Procrastination: “refers to the act of replacing high-priority actions with tasks of low-priority, and thus putting off important tasks to a later time”1.
A major part of our role as advisors is to educate our clients. However, we also act as coaches and counsellors. Education is not always enough – we have to discourage procrastination. So it was with interest that I watched a video with David Laibson, professor of economics at Harvard, entitled the Biggest Mistake of Financial Planning: Procrastination.
The piece deals with our tendency to procrastinate or choose immediate reward rather than longer term benefit. For example, if you are asked what you would like for a snack next week, fruit or chocolate, what would you chose? Many people will chose fruit, intending to eat healthily. Now imagine that it’s a week later, you are advised that your choice was mislaid and you have to decide what you want right now. Will you choose fruit or chocolate? If you chose chocolate, you would be with the majority!
We have a “present bias” - we weight the present more fully than the future. So if we put something off today, we believe it will be psychologically “cheaper” to do it in the future.
Our annual tax returns have a deadline, so we usually get to this task to avoid the penalties associated with late filing – thus imposing commitment to the task. But what of those tasks that don’t have a deadline – signing a new will, setting up a savings plan, defining your investment objectives, reviewing your insurance, looking at retirement planning...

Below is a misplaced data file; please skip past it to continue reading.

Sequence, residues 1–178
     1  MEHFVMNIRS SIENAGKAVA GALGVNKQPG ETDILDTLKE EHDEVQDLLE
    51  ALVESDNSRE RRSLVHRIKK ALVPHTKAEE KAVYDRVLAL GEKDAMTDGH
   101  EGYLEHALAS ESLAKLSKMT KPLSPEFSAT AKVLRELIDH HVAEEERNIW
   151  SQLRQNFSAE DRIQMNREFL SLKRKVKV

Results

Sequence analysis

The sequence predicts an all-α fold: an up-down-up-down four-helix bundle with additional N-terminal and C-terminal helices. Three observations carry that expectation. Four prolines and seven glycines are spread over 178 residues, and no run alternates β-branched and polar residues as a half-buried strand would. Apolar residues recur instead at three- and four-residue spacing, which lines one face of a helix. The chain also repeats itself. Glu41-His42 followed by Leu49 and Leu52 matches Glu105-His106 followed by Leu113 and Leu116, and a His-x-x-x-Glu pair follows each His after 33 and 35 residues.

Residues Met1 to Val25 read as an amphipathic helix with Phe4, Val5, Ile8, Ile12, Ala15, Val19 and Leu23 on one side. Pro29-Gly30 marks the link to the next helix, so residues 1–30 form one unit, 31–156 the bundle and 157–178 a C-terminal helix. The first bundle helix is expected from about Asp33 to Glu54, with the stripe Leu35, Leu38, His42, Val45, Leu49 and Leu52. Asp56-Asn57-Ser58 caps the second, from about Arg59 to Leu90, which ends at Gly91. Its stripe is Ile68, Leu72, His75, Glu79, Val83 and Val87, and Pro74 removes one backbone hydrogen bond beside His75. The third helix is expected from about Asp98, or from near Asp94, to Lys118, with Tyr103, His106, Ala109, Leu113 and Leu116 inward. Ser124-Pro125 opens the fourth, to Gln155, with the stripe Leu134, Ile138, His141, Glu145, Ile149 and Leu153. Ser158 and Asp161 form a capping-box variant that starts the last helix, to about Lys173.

Academics, including Laibson, have researched present-biased preferences and the impact on specific portions of the brain2. There is a theory that patience or impatience arises from the interplay of emotional and cognitive processes. We have a cool, reasoning system, which is deliberate, rule-governed and non-emotional. On the other hand, we have a hot system which is fast and automatic. The hot system often over-rules the cool system, particularly in making decisions in the here and now.
Studies have then gone on to look at the inter-play of the activation of the two neural systems when the “reward” is for someone else. Decisions for others have less emotional involvement. Consequently, there is no personal reward expectation and an immediate rather than a delayed option can be more readily handled by the cool system. It is easier to maintain a commitment when we are not as emotionally involved.
Here’s where we come in. Through our work with our clients, we learn of the things on their financial “to do” list that never seem to get done. We volunteer to become a thorn in their side until they get the job done (often with our help), or tell us to get lost! We’d be pleased to help you complete the items on your financial “to do” list.
Albrecht, Konstanze, David I. Laibson, Matthias Sutter, Kirsten G. Volz, D. Yves von Cramon. 2011. What is for me is not for you: brain correlates of intertemporal choice for self and other Social Cognitive and Affective Neuroscience. Social Cognitive and Affective Neuroscience. Vol. 19, No. R1.